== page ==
It’s interesting that there is no introductory card. It just starts right on the house with the pumpkin in the window. One of the reasons the movie works so well is the frame story. A kid gets caught with a horror comic and catches hell for it. When dad bawls him out, the kid protests that Dad has porno mags and hauls off and smacks him one. This is why I love Romero, not only will he show you a kid getting smacked, but he’ll put some red make-up on the kid’s face just to show you dad really hit him hard. From there the ghoul from the front of the comic book shows up at the kid’s window and the look on the young boy’s face is sort of the one of evil ecstasy. This then leads to an animated section where we’re introduced to the comic that dad threw away. The wonderfully drawn stuff really looks like a horror comics that EC used to put out. This brings us to the first story in our um… fiveium? I’m not going to run down each story beat by beat, I like this movie and I think you should see it for yourself.

Thing is, in this cap, she doesn’t look so much scared as scary.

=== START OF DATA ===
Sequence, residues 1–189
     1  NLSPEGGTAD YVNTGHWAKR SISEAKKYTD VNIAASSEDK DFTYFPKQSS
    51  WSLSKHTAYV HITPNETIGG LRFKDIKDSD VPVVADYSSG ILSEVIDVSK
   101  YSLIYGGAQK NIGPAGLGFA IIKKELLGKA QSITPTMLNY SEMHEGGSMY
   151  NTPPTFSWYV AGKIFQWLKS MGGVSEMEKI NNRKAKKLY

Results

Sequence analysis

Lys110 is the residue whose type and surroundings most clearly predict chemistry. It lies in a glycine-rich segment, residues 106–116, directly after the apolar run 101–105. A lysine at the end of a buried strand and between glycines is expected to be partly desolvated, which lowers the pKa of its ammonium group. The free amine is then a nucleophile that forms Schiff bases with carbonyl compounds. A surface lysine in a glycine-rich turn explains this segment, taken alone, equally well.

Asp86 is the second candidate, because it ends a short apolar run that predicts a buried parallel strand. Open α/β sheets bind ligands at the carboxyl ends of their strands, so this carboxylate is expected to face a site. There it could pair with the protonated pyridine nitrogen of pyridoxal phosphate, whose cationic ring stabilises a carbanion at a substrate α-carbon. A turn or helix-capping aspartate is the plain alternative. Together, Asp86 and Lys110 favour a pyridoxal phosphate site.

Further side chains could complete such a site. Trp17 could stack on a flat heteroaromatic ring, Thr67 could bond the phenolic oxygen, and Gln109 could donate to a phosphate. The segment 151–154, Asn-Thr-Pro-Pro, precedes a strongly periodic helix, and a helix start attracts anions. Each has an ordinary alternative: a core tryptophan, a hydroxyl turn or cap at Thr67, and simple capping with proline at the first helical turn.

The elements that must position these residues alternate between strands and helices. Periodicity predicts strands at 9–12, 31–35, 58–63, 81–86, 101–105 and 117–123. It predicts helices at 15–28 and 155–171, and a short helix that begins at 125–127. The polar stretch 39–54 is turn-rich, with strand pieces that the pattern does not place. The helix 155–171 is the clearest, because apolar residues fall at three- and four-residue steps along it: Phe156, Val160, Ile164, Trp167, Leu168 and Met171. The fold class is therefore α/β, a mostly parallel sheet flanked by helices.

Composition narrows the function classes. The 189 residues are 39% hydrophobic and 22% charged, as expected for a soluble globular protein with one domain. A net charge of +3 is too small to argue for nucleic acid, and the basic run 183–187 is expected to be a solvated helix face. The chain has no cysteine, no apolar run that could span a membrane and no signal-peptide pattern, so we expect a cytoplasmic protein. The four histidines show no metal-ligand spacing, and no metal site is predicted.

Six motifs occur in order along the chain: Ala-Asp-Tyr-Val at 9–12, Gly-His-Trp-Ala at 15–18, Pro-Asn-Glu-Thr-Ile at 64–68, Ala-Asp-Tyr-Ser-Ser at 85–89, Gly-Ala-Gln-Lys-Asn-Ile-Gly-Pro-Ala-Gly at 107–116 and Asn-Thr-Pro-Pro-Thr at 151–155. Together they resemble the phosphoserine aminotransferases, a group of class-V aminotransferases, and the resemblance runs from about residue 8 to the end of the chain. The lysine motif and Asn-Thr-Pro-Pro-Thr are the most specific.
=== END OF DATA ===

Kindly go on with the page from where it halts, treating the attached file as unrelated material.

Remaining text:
So the first story is Father’s Day, in which a zombie rises from the dead demanding cake rather than vengeance. I’m not even kidding. The story is one of those that is classic horror comic. No reason is given for why the murdered man comes back, or why he picks just then to do it, or even why the only thing on his mind is cake. He just comes back, kills a few people, beheads someone, and puts frosting on their head as an excuse to scare the crap out of a couple of innocent people. We’re introduced to what has to be one of the best visual conceits of a movie I’ve ever seen. In an attempt to recreate the comic book feeling, shots are matted with a layered effect to appear as if they are panels of the comic and transitions are a turned page instead of a wipe. The lighting of the horror scenes become suddenly garish like the shock scenes of the comics and best of all, the shock lines that would be drawn behind a person’s head are recreated through lighting effects. While the joke wears off and becomes simply part of the movie’s aesthetic, it’s hilarious the first time we see it.